He moved to New York in 2005, on the heels of the profitable Studio Museum present, and rented a tiny one-bedroom house on the Decrease East Facet. Quickly he embraced portray, sculpture, and assemblage as his major modes of artwork making, and commenced to analyze his personal identification by means of portraits of himself and others cosplaying as Black icons, from the abolitionist Frederick Douglass to the Supreme Court docket justice Thurgood Marshall. He made textual content work with direct warnings like Run (2008) and a digital print that asserts in a lurid pink substance: “I Speak White.” He created pyramid-like shrines in installations akin to 2010’s A Place for Black Moses, presenting a chantry with numerous choices: vegetation, books, black cleaning soap, vinyl data, and a gold-leaf-covered area rock.
In 2007, Johnson started making his Cosmic Slops collection, utilizing an amalgam of black cleaning soap and microcrystalline wax reliefs, and would proceed to make use of black cleaning soap in his work for years: in his altar Triple Consciousness (2009), the mirror The Second of Creation (2011), and Untitled Microphone Sculpture (2018), which collectively established him as a sort of virtuoso of Black magnificence merchandise. (Shea butter can also be generally present in his work.) The cleaning soap’s aroma is a strategy to evoke Black collective reminiscence; take it in and you may nearly see Harlem’s a hundred and twenty fifth Road, its numerous distributors promoting wares of the African diaspora from card tables as a sort of race pleasure.
In 2011, Johnson reached a brand new degree of stature when he signed with the mega–gallery Hauser & Wirth, making him one of many few Black artists with main gallery help.
(I work as a director at Gagosian, a task by which I’ve sought Johnson’s recommendation and obtained his unsolicited pitches for artists he thinks would possibly work for the gallery’s program.) “We had been following his work for a while,” Iwan Wirth, one of many homeowners, advised me. “We instantly acknowledged an extremely erudite observe and a extremely unique thinker. Rashid is a perpetual innovator—the work is continually evolving.”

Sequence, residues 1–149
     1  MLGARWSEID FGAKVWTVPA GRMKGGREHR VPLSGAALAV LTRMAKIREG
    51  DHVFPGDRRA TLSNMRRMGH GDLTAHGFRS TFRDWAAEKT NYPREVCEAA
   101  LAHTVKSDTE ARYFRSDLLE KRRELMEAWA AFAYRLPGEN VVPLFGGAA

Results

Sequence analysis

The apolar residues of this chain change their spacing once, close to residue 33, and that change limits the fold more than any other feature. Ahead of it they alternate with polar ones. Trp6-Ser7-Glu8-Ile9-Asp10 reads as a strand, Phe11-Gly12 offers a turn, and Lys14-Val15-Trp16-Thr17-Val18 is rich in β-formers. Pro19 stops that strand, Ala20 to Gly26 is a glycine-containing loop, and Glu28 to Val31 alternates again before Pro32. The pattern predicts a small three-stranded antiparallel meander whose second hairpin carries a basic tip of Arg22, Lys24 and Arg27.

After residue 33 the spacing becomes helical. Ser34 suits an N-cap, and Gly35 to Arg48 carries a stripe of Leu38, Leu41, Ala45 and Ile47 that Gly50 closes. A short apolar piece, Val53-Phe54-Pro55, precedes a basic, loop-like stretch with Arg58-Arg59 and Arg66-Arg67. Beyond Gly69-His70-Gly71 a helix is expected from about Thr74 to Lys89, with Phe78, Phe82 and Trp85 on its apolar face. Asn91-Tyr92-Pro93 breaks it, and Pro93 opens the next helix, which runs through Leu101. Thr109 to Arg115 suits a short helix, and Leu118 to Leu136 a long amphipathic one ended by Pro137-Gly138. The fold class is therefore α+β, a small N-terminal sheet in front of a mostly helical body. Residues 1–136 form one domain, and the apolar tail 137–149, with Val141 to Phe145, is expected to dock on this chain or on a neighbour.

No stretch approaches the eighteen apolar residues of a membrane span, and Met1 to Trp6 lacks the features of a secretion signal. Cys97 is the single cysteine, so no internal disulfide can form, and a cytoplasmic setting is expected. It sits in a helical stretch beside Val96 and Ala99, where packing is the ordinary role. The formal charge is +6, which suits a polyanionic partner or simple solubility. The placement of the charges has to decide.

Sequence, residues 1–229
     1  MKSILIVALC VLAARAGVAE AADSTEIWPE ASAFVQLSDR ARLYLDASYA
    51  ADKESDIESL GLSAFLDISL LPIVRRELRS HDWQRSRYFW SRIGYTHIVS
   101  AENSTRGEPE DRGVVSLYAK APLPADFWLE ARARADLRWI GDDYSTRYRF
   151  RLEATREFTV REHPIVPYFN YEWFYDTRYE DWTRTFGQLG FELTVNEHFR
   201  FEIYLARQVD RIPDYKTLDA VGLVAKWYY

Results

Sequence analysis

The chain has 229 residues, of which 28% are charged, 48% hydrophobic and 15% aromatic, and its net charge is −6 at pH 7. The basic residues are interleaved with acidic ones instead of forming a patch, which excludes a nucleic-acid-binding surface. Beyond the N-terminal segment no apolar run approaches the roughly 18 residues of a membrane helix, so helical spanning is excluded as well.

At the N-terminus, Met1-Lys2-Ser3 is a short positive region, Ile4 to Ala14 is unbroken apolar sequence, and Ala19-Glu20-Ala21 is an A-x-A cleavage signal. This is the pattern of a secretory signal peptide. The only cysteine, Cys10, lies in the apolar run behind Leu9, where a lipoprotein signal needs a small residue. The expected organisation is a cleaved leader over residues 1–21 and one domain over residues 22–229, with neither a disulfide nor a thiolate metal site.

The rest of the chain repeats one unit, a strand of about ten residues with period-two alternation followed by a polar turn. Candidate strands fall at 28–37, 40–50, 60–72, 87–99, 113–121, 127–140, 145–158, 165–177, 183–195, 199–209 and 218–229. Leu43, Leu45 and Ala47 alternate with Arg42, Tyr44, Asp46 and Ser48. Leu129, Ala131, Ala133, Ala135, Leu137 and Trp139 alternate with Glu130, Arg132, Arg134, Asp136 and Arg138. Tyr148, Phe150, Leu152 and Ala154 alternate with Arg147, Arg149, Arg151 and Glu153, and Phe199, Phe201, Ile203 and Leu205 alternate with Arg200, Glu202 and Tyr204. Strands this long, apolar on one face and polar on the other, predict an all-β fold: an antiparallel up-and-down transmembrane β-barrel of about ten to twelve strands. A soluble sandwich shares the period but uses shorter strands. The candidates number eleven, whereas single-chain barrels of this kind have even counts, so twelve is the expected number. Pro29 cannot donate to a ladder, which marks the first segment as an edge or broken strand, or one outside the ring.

In 2016, Johnson and I walked by means of Hauser & Wirth’s outdated Manhattan location, in Chelsea, the place he offered the monumental Antoine’s Organ (2016), a 20-foot-tall gridded set up overflowing with lush flora, books, shea butter sculptures, small televisions looping the artist’s older video works, and handcrafted pottery from which succulents and palms bloomed. On the core of the social sculpture was an upright piano performed sporadically by the pianist Antoine Baldwin. It was a exceptional synthesizing of the non-public and artwork historic with wider cultural references encompassing voices from literature, music, and demanding principle.
Extra not too long ago Johnson has turn out to be a chronicler of the angst that accompanies being a Black man in America. Within the fall of 2015, on the Drawing Middle, in Manhattan, he debuted his Anxious Males work, works of summary, distressed faces that grew out of the anxiousness he felt that summer season as he watched CNN’s protection of the Black Lives Matter motion. Extra not too long ago, on the Metropolitan Opera, in 2021, Johnson offered The Refrain, an exhibition of two big mosaics fabricated from damaged tile, mirrors, and oyster shells, every that includes 9 haunted figures that had been impressed, he stated, by Mary Shelley’s Frankenstein. And in the event you journey by means of Delta’s new terminal on the renovated LaGuardia Airport, the artist’s 45-foot-tall wall of 60 ceramic faces, The Vacationers, is there to greet you. These are works of angst and pleasure, alienation and unity; they remind us, as we cross by means of these iconic public areas, that we’re not less than alone collectively.